It was the 11th minute, of the 11th day, of the 11th month in 1918 when World War I ended. This is why we remember our veterans each time we celebrate Veterans Day on November 11.
Mt. Lebanon is the home of the Veterans Breakfast Club. (You can read all about them in the November issue of Mt. Lebanon Magazine). Its purpose is to create communities of listening around veterans to ensure that this living history will never be forgotten. Founded by Todd DePastino of Mt. Lebanon, the regular breakfast events ensure that people will be educated, healed and inspired. On this coming Veterans Day we remember all of our veterans of the past and especially those surviving members who still have a story to tell.
As a writer for a major publication called the Military Trader and an avid collector of military memorabilia, I’ve met many veterans who shared their amazing stories with me. In 2015, I met a noted WWII veteran at the Louisville Show of Shows. Hershel “Woody” Williams shared with me the story of his heroic action on Iwo Jima for which he received the Medal of Honor.
In 2019, I was fortunate to meet another memorable WWII veteran and hear his remarkable story. Charles F. McGee was one of the famous Tuskegee Airmen. In all, McGee flew over 400 combat missions in WWII. He might be best remembered for his appearance at the 2020 State of the Union Address just after being promoted to Brigadier General.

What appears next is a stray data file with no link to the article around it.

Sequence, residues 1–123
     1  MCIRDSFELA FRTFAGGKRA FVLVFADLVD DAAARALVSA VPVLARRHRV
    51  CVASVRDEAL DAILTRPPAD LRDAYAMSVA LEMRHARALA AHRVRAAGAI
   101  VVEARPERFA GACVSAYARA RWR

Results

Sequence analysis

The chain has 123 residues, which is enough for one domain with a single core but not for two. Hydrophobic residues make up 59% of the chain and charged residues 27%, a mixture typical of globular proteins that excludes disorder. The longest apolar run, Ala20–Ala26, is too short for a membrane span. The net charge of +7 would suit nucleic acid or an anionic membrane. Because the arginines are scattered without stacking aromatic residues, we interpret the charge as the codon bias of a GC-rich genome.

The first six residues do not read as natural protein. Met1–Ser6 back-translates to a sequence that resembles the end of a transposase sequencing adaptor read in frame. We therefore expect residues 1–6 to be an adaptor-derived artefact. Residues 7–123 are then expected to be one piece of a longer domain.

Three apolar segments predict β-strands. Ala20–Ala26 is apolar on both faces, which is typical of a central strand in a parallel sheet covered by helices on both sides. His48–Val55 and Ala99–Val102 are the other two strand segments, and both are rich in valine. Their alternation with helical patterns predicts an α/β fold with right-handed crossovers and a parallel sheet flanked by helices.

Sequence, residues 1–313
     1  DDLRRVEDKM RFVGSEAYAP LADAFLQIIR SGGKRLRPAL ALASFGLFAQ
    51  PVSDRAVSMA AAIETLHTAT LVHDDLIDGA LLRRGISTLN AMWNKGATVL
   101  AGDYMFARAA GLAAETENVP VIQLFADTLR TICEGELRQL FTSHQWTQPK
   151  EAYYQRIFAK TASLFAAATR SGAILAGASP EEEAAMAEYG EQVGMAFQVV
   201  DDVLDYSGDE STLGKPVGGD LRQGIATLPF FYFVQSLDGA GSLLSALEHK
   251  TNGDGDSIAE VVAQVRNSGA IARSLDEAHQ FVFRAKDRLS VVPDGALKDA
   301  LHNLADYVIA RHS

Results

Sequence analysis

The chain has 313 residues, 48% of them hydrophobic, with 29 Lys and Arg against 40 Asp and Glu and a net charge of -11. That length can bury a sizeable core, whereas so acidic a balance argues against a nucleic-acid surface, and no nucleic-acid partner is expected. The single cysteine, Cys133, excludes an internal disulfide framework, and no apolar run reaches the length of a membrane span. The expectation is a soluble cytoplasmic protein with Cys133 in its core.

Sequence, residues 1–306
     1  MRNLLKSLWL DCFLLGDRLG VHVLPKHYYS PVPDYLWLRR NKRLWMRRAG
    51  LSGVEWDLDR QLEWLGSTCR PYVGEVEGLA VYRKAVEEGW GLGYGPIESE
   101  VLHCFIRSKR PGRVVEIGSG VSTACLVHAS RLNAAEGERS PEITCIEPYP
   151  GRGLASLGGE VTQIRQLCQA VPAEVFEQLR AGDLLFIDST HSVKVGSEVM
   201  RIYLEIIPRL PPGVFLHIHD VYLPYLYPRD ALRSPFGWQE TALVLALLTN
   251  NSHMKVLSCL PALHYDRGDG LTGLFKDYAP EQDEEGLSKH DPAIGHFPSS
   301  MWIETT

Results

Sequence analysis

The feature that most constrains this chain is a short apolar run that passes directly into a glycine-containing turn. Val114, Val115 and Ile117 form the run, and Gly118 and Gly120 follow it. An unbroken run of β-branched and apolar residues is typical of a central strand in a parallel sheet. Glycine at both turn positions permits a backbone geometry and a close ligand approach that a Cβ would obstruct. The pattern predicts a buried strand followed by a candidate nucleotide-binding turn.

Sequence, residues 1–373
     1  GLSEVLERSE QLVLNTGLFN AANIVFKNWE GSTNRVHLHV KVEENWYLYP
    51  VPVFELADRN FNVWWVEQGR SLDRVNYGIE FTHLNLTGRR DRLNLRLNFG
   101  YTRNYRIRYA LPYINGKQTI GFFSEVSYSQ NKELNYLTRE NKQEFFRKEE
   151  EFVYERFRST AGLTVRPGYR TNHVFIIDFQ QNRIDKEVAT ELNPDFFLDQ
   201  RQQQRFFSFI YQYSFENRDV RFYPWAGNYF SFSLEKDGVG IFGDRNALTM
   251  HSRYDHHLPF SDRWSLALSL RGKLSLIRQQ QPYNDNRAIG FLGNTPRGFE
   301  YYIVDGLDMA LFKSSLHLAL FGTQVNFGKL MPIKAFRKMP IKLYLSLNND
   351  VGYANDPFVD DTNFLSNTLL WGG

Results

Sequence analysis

In 2019, my wife Judie and I attended a major military show at the MAPS (Military Air Preservation Society) Show in Canton, Ohio. For residents of Mt. Lebanon, especially those with children, you might be interested in MAPS, as it features a Military Hall of Fame and an amazing display of military aircraft along the runways of the Akron-Canton Airport. It is a delightful day trip for anyone looking for something different.
On that day, as I started my search for collectable militaria, I noticed Judie having an animated conversation with an older WWII veteran in uniform. He was there to share his story, along with the selling a book he authored.
What fascinated Judie was that the man, Sgt. Robert “Bud” Sabetay, was 94 and still wearing his Ike jacket, while standing tall and proud. She was marveling at his complexion and youthful appearance and was asking for his secret. Bud explained that he had a regular regimen of doing 100 pushups to start his day.
He also told Judie how he survived the Battle of the Bulge under General George S. Patton as part of the 90th Division. Using a camera he found in a liberated German home, he was able to have a photographic record of the events that he later used for his book, “Memoirs of an American Jewish Soldier.”
At the most recent MAPS event this April, Judie reconnected with Bud, who is now 97 years old. As I was writing this story, I got an update on Bud and learned that he returned to France on June 3, 2022, for the 78th anniversary of the storming of the beaches of Normandy on D-Day. Another story to remember.
Even though some of them are no longer with us, their stories live on. Williams recently passed away in June 2022 as the last surviving Medal of Honor winner of WWII. McGee left us at the age of 102 on January 16, 2022. He was one of the last surviving Tuskegee Airmen. This is why the mission of the Veteran Breakfast Club is so important. It allows veterans to tell their stories and is open to anyone both veteran and non-veteran to attend.
On this Veterans Day, feel free to ask a veteran to tell his or her story and be part of history.